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Natural and man-made disasters are among the main drivers of hunger and malnutrition. They cause the loss of lives and livelihoods, destroy homes, productive assets and infrastructure, and affect the availability of food and water. The strategies people adopt to cope – including selling cattle and tools for food, and taking children out of school to work – can have long-lasting effects, trapping them in a cycle of hunger and poverty.

For the World Food Programme (WFP), working to prevent, mitigate and prepare for disasters is an essential part of its mandate to combat global hunger. As many as half of WFP’s programmes address the risks of natural disasters and their repercussions on food security, reaching approximately 80 million people each year.

WFP’s policy on Disaster Risk Reduction commits it to preventing acute hunger and investing in disaster preparedness and mitigation measures. The policy guides WFP’s action to support the implementation –at both government and community levels – of the international framework for disaster risk reduction adopted in Sendai, Japan, in 2015.

WFP works with governments to strengthen their capacity to prepare for, assess and respond to hunger caused by disasters, and to develop national policies and plans that address the impact of disasters on nutrition.

To enhance the ability of communities to mitigate disaster risks and cope when disasters strike, WFP supports activities that reduce disaster risk while improving food security: soil and water conservation, the development of flood protection infrastructure, and the rehabilitation of roads. In Kyrgyzstan, a WFP-backed project addressing deforestation through the creation of tree nurseries and increased tree planting is providing the local community with better nutrition and increased resilience in the face of environmental shocks.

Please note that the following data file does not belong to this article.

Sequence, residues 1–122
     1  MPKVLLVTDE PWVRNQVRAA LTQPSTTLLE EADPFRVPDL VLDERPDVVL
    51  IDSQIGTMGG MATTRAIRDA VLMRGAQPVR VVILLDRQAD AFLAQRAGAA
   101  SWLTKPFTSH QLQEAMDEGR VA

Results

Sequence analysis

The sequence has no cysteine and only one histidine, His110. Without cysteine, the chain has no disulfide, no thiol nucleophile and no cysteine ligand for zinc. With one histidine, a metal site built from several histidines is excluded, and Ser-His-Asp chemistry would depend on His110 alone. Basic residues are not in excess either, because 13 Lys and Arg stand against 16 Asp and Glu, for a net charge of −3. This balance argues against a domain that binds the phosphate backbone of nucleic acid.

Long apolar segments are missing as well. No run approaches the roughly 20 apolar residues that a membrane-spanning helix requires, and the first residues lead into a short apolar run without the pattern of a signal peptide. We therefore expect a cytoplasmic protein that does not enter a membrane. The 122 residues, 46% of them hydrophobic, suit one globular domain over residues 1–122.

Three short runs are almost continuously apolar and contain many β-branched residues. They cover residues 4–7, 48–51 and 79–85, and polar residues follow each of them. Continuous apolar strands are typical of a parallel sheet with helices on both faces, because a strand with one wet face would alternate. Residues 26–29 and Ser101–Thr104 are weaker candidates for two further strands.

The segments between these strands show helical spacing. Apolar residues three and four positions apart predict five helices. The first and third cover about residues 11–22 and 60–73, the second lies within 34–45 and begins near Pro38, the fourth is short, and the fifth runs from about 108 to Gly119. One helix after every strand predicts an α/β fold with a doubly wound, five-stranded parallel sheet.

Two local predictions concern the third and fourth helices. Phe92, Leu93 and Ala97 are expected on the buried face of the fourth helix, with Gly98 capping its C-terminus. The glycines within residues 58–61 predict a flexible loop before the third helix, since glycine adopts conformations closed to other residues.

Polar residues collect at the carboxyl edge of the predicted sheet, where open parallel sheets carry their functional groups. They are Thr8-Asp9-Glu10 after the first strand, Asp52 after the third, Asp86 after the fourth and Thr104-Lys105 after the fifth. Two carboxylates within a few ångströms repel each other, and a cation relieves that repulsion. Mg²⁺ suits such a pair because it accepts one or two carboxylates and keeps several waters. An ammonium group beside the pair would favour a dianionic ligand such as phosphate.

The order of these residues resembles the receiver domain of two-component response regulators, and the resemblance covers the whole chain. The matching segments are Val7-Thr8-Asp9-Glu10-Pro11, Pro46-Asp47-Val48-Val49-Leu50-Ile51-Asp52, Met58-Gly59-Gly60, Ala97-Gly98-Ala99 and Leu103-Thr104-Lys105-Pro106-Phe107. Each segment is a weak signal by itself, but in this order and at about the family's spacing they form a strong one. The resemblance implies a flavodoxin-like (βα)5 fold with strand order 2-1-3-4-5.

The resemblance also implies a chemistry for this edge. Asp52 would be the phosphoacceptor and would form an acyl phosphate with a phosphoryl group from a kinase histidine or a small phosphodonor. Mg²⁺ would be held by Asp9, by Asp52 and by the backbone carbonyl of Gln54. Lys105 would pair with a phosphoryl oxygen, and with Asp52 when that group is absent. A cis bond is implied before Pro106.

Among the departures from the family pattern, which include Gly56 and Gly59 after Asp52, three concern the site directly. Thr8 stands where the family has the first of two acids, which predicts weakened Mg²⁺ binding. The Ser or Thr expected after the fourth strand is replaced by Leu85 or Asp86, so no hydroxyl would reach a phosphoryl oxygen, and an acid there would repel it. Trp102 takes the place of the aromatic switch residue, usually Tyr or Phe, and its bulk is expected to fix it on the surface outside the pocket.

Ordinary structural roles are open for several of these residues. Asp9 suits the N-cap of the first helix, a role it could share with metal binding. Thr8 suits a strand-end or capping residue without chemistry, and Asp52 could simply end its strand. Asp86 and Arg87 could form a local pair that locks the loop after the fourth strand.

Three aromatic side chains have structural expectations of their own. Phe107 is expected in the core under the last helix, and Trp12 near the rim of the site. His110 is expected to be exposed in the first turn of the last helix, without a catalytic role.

WFP also works to improve emergency preparedness and planning, and to ensure readiness to respond to disasters and reduce their impact on vulnerable populations. Examples can be seen in some of the most disaster-prone provinces in the Philippines, where WFP is providing emergency response training and equipment to local government units; enabling Automated Weather Stations that provide vital information regarding incoming weather disturbances; and carrying out slope stabilization to protect people and their farms.

20 percent
of WFP’s disaster risk reduction work takes place in emergency operations
70 percent
of WFP’s disaster risk reduction work takes place within post-disaster resilience building programmes
Almost half
of WFP's emergency and recovery operations responded to and helped people recover from climate-related disasters over the last decade